Liberalism: There are two ideas here that don’t seem to mesh for me: 1. The belief that humans should be free from all coercion to do whatever they wish, provided it does not violate the rights of others (see Declaration of the Rights of Man and the Citizen #4); 2. A vision of progress (unidirectional, inevitable, forever ongoing, beneficial, and a matter of universal education) that is, it seems to me, uniquely given to coercion! I can’t square the circle. How do you support freedom and also foster social progress without coercion? Why does progress so often seem to be top-down if it’s in keeping with human nature? Honestly, I tend to be much more secure with the idea of pluralistic and multiple freedoms than with the idea of progress. But, I guess I’m too skeptical that we know where we’re going to be a full liberal.

    Conservatism: Ah, yes. Again, there are two ideas that I can’t reconcile: 1. A belief that culture, unmoored from tradition, centers of cultural authority, and a sense of limits, is in decline, and that decline has ill effects on our political discussion; and 2. A full-throated defense of the free market consumer capitalism whose ethos is strongly opposed to anything enduring, traditional, or limiting! The noted cultural conservative Karl Marx made the same point about capitalism being the solvent of all cultural traditions, and ten minutes in a suburban shopping mall will convinve you that’s at least woth considering. Conservatves today? They don’t think it’s worth considering. Simple as that. They’d rather ignore the contradictions and blame cultural decline on little known professors from the 60s. I can’t square the circle here either. I am happy with the free market, but I have no fantasy that it will eventually lead us back to the high values of “traditional culture”. Ask an immigrant from a traditional culture how they feel about American consumer capitalism and what effects it’s had on the values their children hold. So, I guess I’m not a conservative. Or, at least, I think modern conservatism doesn’t make any more sense than modern liberalism.

    Libertarianism: Sorry everybody! Here I can’t quite reconcile: 1. A defense of the rights of the individual against all forms of coercion, with 2. By that, we just mean state coercion. I still don’t understand how libertarianism intends to defend my rights against private powers, or if it even believes forces outside the state are capable of violating my rights. I suspect the answer, if we really push the question, is that the most honest sort of libertarianism looks more like…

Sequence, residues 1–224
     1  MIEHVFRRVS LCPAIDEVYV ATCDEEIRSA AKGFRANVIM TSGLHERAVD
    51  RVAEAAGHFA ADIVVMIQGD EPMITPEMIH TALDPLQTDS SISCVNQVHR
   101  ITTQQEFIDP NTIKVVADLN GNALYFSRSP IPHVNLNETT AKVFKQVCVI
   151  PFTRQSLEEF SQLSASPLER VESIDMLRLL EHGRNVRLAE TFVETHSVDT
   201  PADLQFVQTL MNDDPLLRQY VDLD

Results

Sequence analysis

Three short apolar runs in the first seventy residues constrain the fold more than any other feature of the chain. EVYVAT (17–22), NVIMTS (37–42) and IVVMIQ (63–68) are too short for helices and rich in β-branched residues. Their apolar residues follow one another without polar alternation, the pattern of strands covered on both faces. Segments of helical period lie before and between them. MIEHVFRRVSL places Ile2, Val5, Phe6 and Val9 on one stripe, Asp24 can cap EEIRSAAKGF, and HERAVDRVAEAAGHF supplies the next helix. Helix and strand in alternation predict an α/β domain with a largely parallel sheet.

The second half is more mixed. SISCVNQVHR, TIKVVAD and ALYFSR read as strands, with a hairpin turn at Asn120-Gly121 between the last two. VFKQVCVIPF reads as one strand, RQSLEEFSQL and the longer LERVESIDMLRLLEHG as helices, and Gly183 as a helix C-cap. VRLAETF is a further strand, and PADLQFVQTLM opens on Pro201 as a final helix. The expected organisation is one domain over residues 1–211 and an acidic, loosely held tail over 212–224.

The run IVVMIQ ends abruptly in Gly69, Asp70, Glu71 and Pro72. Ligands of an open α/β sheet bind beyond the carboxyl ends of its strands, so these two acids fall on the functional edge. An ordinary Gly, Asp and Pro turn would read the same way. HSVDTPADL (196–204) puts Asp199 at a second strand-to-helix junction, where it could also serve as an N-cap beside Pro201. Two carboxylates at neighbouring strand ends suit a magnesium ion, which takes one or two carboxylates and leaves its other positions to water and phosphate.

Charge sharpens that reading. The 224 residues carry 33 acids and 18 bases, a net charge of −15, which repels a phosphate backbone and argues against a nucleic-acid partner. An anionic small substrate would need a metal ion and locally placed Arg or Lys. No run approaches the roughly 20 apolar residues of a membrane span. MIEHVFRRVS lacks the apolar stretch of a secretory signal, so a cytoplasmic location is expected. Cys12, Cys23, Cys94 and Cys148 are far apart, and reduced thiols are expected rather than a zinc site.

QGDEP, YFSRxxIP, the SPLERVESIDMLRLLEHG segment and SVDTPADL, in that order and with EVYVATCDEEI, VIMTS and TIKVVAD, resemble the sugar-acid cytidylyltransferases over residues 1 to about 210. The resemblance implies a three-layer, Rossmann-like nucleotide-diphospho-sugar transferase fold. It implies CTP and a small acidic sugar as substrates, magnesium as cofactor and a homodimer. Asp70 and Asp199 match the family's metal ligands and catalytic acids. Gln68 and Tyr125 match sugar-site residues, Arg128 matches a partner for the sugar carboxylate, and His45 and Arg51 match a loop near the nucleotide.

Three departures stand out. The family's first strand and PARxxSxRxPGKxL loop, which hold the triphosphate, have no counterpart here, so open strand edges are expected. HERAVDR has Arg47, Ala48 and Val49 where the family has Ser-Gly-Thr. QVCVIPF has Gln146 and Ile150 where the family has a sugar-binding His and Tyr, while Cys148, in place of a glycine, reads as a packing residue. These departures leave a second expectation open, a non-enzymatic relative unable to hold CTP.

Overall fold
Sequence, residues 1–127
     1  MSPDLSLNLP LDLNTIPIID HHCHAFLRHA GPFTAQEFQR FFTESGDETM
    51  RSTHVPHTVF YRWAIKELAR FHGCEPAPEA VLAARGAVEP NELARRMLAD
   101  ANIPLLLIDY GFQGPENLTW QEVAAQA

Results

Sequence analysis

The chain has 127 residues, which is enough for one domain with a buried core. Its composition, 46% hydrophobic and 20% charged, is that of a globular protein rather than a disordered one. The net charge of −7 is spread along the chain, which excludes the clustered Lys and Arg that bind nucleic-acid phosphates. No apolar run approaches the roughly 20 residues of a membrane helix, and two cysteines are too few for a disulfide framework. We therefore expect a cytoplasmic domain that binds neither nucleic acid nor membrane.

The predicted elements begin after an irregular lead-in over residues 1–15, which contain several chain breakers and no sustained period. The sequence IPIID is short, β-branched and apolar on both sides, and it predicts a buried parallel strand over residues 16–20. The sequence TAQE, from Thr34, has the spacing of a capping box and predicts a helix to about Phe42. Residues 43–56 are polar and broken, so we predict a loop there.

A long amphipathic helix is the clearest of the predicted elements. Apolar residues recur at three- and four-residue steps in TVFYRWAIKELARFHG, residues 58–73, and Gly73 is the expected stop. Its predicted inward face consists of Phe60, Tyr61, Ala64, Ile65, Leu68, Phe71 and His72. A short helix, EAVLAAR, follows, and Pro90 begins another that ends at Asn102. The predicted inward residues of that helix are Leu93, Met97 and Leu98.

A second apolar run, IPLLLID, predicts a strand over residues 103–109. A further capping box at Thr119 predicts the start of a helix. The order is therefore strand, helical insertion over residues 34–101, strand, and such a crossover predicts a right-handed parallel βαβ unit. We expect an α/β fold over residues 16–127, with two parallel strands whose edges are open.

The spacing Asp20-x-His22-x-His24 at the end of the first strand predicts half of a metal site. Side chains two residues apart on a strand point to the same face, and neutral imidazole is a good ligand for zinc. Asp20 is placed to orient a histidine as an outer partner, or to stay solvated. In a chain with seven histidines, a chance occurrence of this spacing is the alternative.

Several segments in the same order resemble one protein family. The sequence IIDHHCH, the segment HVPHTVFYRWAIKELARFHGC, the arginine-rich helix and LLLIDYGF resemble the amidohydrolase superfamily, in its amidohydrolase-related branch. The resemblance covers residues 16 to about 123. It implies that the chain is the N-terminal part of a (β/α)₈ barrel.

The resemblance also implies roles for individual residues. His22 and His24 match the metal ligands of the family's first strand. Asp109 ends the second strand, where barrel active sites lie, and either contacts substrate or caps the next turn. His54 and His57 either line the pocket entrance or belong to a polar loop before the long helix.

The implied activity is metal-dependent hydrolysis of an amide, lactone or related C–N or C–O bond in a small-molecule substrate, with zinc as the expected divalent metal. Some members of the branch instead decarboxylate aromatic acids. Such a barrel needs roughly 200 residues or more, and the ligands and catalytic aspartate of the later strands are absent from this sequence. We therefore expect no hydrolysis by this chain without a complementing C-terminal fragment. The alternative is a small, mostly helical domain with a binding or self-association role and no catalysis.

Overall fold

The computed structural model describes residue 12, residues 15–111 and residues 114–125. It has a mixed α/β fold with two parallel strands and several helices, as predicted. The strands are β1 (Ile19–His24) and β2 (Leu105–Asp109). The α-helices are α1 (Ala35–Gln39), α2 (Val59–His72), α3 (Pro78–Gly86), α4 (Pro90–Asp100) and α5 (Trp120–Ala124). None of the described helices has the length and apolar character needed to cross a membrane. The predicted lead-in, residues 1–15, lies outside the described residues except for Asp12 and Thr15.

Anarchism: I have to admire the fact that anarchists have committed fully to the idea of freedom and aren’t just limiting themselves to defending freedom against the state. But, alas, I’ve always been at odds with the “No Gods, No Masters” idea, since people seem to be really good at worshipping and I can’t see a way to do away with gods that isn’t coercive. Does cultural authority have benefits that outweigh the ill effects?

    Marxism: Ask a Marxist what they, as an individual, believe and 9 times out of 10, they’ll respond, “Well, we believe…” The bigger problem I have is with historical materialism- It amounts to magical thinking in my opinion. Even worse, it makes the magical forces of historical change responsible for sweeping away all of the people who get in the way of those changes.

    Did I forget anybody?

    Okay, so none of these problems is easily resolved in my opinion. (Trust me- I’ve asked the questions long enough to have heard several variations on, “no, you just need to read more of ____ to understand this.”) Frankly, democracies are always going to struggle with the basic tension between liberty and authority. Most individuals will struggle with this tension as well. In at least one of those tenets it seems to me that each political theory is totally spot on. Not all problems require a hammer. Finally, I feel like the best I can do, and I don’t generally do it very well, is to look at each individual public issue and come to the conclusion that best balances logic, empathy, and a measure of prudence.

    But, really, I’m a commie-dem.Report

    • Avatar Pat Cahalan in reply to Rufus F. says:

      Congrats, you discovered that all frameworks are limited, and all political theories are frameworks 🙂

      Anarchism would actually be the best theory, if power imbalances were impossible or everyone was invincible. Libertarianism would be the best theory, if individuals wouldn’t transfer power to organizations freely. Conservativism would be the best theory, if they could defend culture as what it is at this moment, instead of what they imagine it to have been 20 years ago. Liberalism would be the best theory, if only they could acknowledge that aggregating power is *always* going to draw the power mongers, thus limiting the long-term beneficial use of aggregated power. Oh, and Communism would rock out if everybody wasn’t human.Report

      • Avatar Rufus F. in reply to Pat Cahalan says: